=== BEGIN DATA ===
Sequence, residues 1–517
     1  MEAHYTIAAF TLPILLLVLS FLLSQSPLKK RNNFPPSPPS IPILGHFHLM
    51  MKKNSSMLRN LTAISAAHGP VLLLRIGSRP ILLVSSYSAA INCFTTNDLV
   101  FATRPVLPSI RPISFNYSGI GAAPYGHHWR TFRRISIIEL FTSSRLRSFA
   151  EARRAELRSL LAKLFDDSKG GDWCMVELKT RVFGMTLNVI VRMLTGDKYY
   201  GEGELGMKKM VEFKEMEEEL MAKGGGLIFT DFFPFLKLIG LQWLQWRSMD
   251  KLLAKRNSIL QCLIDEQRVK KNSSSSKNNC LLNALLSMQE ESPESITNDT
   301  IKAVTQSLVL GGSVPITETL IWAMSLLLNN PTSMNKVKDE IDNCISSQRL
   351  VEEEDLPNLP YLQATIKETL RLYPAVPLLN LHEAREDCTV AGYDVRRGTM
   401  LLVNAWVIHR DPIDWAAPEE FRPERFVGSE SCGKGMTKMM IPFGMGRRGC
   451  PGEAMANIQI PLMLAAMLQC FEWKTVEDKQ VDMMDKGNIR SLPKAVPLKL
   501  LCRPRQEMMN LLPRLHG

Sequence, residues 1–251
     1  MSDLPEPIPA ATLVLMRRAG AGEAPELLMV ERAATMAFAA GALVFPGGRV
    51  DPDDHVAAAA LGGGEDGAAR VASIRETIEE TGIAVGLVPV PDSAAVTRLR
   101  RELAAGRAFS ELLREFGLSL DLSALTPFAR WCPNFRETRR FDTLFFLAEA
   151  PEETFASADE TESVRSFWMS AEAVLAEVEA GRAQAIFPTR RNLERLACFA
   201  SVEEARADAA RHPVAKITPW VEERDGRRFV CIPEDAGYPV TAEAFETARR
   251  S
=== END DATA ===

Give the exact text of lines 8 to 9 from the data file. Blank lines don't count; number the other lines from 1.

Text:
   301  IKAVTQSLVL GGSVPITETL IWAMSLLLNN PTSMNKVKDE IDNCISSQRL
   351  VEEEDLPNLP YLQATIKETL RLYPAVPLLN LHEAREDCTV AGYDVRRGTM